That shines so full and bright, Pouring on Nebo's lonely hill

A flood of living light?
“No--dim and earthly is the glow

Of morning's loveliest ray,
And dull the cloudless beams of noon

To that celestial day.
“ Is it an angel's voice that breathes

Divine enchantment there,
As floating on his viewless wings

He charms the balmy air?
“ No—'tis a greater, holier power

That makes the scene rejoice;
Thy glory, God! is in that light,

Thy spirit in that voice !
" The Patriarch hears, and lowly bends,

Adoring his high will Who spoke in lightnings from the clouds

Of Sinai's awful hill. “ Now flash his eyes with brighter fires

E'er yet their light depart: And thus the voice of prophecy

Speaks to his trembling heart« The land which I have sworn to bless

To Abraham's chosen race
Thine eyes behold—but not for thee

That earthly resting place.'
" With soul of faith, the Patriarch heard

The awful words, and lay
A time entranced, until that voice

In music died away. “ Then raised his head, one look he gave

Towards Jordan's palmy shoreFixed was that look, and glazed that eye,

Which turned to earth no more. A beauteous glow was on his face

Death flung not there its gloom; On Nebo's hill the Patriarch found

His glory and his doom.
“ He sleeps in Moab's silent vale,

Beneath the dewy sod,
Without a stone to mark his grave,

Who led the hosts of God. " Let marble o'er earth's conquerors rise,

And mock the mouldering grave; His monument is that blest Book

Which opens but to save!"

STANZAS.
All I feel, and hear, and see,

God of love! is full of thee!
Earth, with her ten thousand flowers-
Air, with all its beams and showers-
Ocean's infinite expanse-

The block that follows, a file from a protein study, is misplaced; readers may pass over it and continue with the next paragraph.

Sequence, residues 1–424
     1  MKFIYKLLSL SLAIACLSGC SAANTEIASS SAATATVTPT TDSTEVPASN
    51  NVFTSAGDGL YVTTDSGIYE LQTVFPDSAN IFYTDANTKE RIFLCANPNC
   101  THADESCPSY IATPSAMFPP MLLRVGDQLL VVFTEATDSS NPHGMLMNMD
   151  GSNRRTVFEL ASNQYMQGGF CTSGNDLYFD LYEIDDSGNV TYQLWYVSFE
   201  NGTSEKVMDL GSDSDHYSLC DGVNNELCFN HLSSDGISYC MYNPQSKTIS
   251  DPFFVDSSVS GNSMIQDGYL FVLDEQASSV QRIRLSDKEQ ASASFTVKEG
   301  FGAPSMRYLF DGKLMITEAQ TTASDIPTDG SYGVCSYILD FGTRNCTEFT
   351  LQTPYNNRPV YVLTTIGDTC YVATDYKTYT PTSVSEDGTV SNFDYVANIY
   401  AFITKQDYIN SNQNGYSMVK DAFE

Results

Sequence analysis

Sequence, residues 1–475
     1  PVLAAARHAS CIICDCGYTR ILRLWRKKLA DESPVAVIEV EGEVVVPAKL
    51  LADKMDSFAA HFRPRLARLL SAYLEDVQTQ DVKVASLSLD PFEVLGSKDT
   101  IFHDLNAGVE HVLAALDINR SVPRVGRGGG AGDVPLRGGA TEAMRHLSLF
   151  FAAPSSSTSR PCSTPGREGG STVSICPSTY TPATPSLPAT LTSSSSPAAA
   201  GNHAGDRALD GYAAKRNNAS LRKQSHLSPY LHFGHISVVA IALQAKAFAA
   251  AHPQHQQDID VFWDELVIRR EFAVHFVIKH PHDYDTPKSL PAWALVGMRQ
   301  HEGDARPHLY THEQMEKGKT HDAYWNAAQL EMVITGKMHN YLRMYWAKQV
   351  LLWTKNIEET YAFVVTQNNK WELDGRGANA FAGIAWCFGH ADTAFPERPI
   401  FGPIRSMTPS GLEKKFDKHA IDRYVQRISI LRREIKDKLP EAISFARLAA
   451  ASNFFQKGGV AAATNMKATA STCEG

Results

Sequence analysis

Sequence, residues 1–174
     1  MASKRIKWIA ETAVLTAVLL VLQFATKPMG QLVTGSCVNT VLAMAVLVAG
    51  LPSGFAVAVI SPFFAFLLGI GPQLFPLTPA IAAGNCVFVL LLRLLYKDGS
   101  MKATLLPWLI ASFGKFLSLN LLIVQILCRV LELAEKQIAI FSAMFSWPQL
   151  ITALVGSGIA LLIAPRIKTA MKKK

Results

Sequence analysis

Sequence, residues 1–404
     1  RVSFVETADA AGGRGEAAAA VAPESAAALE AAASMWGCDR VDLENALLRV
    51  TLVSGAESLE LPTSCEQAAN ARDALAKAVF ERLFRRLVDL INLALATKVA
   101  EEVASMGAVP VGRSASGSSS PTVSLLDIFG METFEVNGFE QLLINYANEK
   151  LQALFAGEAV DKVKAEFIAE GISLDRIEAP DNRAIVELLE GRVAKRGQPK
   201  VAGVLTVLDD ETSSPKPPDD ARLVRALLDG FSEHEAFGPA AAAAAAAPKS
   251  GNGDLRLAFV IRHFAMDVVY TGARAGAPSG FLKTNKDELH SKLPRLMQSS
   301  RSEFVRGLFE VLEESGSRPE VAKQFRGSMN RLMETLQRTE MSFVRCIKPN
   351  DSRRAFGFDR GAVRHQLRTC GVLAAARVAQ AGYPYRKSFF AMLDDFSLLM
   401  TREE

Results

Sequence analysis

Heaven's resplendent countenance-
All around, and all above,
Hath this record_" God is LOVE."
Sounds, among the vales and hills,
In the woods, and by the rills,-
Of the breeze, and of the bird,
By the gentle summer stirred;
All these songs, beneath-above,
Have one burthen--" GOD IS LOVE."
All the hopes and fears that start
From the fountain of the heart;
All the quiet bliss that lies
In our human sympathies ;-
These are voices from above,
Sweetly whispering—“ God is LOVE.”

All I feel, and hear, and see,
God of love! is full of thee !

NATURAL MONITORS.

BY MISS M. A. BROWNE. " I ASKED the lark in the summer morn, Why he left so lightly his nest in the corn; Why he sang so sweetly his matin song, That the clouds and the breezes bore along, When he knew, that perhaps, before 'twas

night, The hunter's shaft might stay his flight? By the messenger Wind was this answer

given, 'I fear not, I sear not: I fly towards Heaven!' " I asked the flowers in the soft spring-time, Wherefore they smiled in their youthful prime, When the stormy days so soon should come, That would blight for ever their beauty and

bloom? And the sweet flowers answered, 'Each day On our leaves the sunshine that dries the

dews: Why should we not smile? Till now we have

thriven; And the sunshine and dew are both from Hea

ven!' " I asked the clouds in their pomp of light, As they sate in the crimson west at night, Wherefore they gathered around the sun And brightened-although his race was run, When, perhaps, the breezes of night might

strew Their fragile folds into mist and dew? The clouds replied, “Though we should be

driven Away from our rest, we should still be in

Heaven!' " And I saw a lovely child, who knelt Beside the cot where his father dwelt, At the sunset hour; and his hands were raised Towards the sky, on which he gazed; And on his rosy lips a prayer Seemed hovering; —like the summer air: · Fear’st thou,' said I, the shades of even?' He smiled and said, 'See, bow bright is Hea

ven!"

renews

It is stated of the lectures delivering in Paris by M. de Villemain, on the History of the Middle Ages, that it is almost impossible to find a place at them. His introductory was attended by over two thousand people, and nearly as many more were unable to get in. Such is the magic of eloquence.

The Emperor of Austria has promoted Gustavus Vasa, son of the Ex-King of Sweden, to the rank of Major General.

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THE SPIRIT OF THE SPRING. Spirit of the shower,

Of the sunshine and the breeze, Of the long, long twilight hour, Of the bud and opening flower,

My soul delighted sees. Stern winter's robe of grey,

Beneath thy balmy sigh, Like mist-wreaths melts away, When the rosy laughing day

Lifts up his golden eye.

THE DEATH OF MOSES.

BY JOHN SYDNEY TAYLOR, A.M. “On Nebo's hill the Patriarch stood,

Who led the pilgrim bands Of Israel through the foaming waves,

And o'er the dosert sands.